Sat. night, Feb. 21, at the Kauffman Theatre in the Kauffman Center for the Performing Arts, was opening night for Kansas City Lyric Opera’s production of the 2012 Pulitzer Prize winner for music, Kevin Puts’ and Mark Campbell’s opera, Silent Night. A better opening night cannot be imagined by mere humans.
The word opera comes from Latin, simply meaning a work. Wagner honored the genre as a combination of the best of singing, orchestral music, dancing, stagecraft, and drama. This opera, perhaps, did not include spectacular dance, although the battle scenes were masterfully choreographed (Doug Scholz-Carlson). Silent Night was convincingly the best of all elements.
Before discussing music, the entire spectrum of stagecraft (sets, scene-changing, lighting, projections, sound effects, stage direction) were the summit of the arts. A revolving, sloping, floor, visually supported by sandbags, had a church fragment at one point (reminiscent of the Alamo) a bunker and a shelter at the other 1/3 points serving as battle posts for the Scots, French, and Germans. To view the three encampments, these three accommodations were moved, usually clockwise by cast or costumed crew, as the center mesa was rotated in the opposite direction, with no break in action.
Screen material was draped behind all of this, and used for a very active set of animated projections of snow, clouds, letters home while they were read aloud on stage, and battle explosions. A front scrim was likewise utilized during specific scenes, particularly well at the beginning, with severe battle commencing to a blaring cacophony from the orchestra. The sets were borrowed from companies in Minnesota, Philadelphia, Cincinnati and Fort worth; in its short life (2011) this opera has been produced nine times, and counting.
The story? On Christmas Eve, 1914, soldiers stopped fighting for a few hours to celebrate the anniversary of the birth of the King of Kings. The realization of that story in music and words is high drama, created by composer, Kevin Puts and librettist, Mark Campbell, based on the 2005 film, Joyeux Noël, directed by Christian Carion.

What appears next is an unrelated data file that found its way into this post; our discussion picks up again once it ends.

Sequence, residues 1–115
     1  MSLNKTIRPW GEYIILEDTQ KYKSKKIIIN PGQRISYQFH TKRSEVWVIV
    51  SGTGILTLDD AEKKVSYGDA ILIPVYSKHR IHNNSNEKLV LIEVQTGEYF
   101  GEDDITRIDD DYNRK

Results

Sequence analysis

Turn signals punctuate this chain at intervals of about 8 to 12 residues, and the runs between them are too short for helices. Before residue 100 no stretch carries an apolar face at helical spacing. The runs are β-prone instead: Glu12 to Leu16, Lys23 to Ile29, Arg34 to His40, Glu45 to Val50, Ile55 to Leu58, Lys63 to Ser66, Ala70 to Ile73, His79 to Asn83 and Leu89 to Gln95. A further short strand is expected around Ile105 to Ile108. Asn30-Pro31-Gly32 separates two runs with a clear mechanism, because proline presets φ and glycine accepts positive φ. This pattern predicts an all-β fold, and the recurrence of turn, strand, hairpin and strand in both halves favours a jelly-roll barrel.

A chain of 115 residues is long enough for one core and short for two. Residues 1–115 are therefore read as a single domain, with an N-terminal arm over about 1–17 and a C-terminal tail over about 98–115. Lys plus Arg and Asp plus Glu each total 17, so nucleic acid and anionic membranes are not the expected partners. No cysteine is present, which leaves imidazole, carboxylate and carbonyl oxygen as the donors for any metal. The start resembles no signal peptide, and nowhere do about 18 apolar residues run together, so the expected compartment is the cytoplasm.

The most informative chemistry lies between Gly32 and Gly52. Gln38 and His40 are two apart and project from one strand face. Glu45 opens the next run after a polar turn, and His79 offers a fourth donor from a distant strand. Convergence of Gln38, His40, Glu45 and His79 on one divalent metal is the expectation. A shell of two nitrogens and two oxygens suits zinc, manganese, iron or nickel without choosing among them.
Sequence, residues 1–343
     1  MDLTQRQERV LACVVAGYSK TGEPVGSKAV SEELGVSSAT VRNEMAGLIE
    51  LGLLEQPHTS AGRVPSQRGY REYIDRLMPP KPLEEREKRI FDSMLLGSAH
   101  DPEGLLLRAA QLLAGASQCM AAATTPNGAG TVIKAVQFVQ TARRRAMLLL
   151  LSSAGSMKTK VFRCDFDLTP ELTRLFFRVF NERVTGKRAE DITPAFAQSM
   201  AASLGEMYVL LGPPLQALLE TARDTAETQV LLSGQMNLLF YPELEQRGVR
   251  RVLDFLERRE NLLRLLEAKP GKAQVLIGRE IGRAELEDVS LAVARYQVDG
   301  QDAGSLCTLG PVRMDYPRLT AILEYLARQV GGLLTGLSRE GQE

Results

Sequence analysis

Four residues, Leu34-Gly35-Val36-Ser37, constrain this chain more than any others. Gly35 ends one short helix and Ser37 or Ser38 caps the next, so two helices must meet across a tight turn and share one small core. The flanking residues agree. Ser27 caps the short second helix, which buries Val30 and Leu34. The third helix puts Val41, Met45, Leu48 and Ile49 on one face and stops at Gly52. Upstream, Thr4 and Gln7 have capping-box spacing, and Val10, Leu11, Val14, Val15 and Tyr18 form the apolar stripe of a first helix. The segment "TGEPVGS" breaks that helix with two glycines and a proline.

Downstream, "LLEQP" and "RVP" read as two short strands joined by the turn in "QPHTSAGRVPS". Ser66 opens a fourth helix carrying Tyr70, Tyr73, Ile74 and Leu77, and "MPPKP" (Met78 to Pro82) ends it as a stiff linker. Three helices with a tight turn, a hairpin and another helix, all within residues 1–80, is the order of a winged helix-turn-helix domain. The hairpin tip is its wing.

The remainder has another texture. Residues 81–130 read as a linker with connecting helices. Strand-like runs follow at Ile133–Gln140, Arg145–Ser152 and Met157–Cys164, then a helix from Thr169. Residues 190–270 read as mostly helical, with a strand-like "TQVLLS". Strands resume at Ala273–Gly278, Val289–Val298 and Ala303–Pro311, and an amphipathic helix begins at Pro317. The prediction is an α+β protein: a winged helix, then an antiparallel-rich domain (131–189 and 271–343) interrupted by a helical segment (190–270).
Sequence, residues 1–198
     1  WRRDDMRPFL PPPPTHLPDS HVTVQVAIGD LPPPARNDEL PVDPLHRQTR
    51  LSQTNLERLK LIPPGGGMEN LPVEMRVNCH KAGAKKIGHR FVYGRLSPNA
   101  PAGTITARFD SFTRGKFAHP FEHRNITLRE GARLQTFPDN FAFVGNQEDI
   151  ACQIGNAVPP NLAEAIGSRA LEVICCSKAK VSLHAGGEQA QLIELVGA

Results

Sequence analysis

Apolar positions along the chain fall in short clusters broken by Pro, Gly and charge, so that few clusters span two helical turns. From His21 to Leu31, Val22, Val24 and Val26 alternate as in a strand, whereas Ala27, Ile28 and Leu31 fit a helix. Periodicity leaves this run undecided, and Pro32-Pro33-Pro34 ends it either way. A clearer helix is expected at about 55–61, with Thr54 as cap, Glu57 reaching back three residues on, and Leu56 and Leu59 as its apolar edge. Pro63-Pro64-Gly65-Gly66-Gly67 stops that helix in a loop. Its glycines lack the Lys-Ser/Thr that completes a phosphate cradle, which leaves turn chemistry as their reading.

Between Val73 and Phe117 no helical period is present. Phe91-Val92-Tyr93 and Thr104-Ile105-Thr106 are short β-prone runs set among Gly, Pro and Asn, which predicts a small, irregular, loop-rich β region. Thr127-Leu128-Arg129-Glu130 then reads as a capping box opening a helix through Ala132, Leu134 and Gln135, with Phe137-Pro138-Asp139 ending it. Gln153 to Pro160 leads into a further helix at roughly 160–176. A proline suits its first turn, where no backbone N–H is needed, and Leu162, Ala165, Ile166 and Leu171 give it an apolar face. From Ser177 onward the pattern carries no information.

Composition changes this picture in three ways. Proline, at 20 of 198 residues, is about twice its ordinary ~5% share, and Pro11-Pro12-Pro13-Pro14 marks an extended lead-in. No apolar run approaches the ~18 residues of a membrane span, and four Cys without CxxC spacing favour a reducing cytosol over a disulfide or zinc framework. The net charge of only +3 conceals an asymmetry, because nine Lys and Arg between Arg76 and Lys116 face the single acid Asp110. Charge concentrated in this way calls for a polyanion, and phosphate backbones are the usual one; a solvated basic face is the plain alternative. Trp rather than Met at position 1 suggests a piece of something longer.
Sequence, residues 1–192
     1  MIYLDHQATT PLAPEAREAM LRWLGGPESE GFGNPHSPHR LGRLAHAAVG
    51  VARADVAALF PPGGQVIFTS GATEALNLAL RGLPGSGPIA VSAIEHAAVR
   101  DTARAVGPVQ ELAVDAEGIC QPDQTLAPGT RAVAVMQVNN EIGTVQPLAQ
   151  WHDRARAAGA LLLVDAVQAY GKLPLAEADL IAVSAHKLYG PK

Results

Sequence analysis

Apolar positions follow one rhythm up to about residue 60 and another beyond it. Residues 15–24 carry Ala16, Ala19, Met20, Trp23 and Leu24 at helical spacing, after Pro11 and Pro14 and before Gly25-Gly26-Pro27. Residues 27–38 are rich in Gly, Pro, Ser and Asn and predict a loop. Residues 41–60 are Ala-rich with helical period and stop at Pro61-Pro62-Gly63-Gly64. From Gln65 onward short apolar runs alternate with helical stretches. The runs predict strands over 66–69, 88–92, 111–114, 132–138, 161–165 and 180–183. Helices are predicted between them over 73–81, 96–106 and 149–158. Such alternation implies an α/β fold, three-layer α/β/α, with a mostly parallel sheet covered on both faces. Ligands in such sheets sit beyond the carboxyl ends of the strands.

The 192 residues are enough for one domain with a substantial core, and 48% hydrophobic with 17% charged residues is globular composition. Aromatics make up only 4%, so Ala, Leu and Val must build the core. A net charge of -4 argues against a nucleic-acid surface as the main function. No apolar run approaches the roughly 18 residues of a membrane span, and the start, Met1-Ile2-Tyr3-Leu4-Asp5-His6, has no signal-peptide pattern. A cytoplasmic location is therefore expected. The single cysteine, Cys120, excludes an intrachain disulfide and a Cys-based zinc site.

Conductor, David Abell and Director, Octavio Cardenas, led in the breathtaking realization of the production from the printed page. W. H. Auden reputably claimed, “No good opera plot can be sensible. … People do not sing when they are feeling sensible.” This opus was the exception that proves the rule. Although beautifully sung, the senses-jarring story was preeminent to individual performances.
Mr. Puts, quite logically, accompanied battle, confusion and argument with loud, dissonant, crashing music. Consonant harmony framed folk songs, Christmas music, and a simulated Mozartean duet at the Kronprinz’s residence. The latter, as a light-hearted contrast to the deadly action a few miles away, was gut-wrenching in its inappropriate celebration.
Without writing an entire book, it is not possible to adequately praise the vocalists in this show, whether solo or ensemble. Some of the melodies were simple folk songs, in one case, accompanied by bagpipes (Jim Higgins). Others were angular, atonal, beastly difficult, and contrapuntal, at that.
Liam Bonner’s (French Lt. Audebert) beautiful song, regretting losing his wallet on the battlefield, containing his wife’s photo, expresses a simple, isolated, very human sentiment, multiplied in a thousand different ways from warriors defending their various fatherlands, all over the world. Sean Panikkar played the German, Nikolaus Sprink, an established operatic singer, drafted, and then ordered to the Kronprinz’s Christmas party to entertain, as it happens, with his beloved, Anna Sørensen (Erin Wall) who arranged this performance in order to see Sprink.
Sprink can scarcely get through the performance, thinking of his comrades in harm’s way, but they do pull off a Mozart-like duet. Much to Anna’s dismay, he declines a tryst that evening, urgent as he is to return to his company. She announces her possession of a pass from the Kronprinz and that she will go to the battlefield with him.
They arrive just in time for Sprink to begin a song at camp, only to be joined by a piper from the Scotch camp. The Christmas Eve truce occurs and Anna sings a (newly composed) a capella setting of Dona Nobis Pacem (the last phrase of the “Lamb of God” section of the Latin Mass, “Give us peace”) not a dry eye in the house.
With dozens of dramatic, and even comedic, bits, and great singing in every part, the only way to take it all in, particularly the demoralizing conclusion, is to attend one of the remaining performances, Feb. 25 and 27 at 7:30 PM, and Sunday afternoon at 2:00 PM. Let not a seat be empty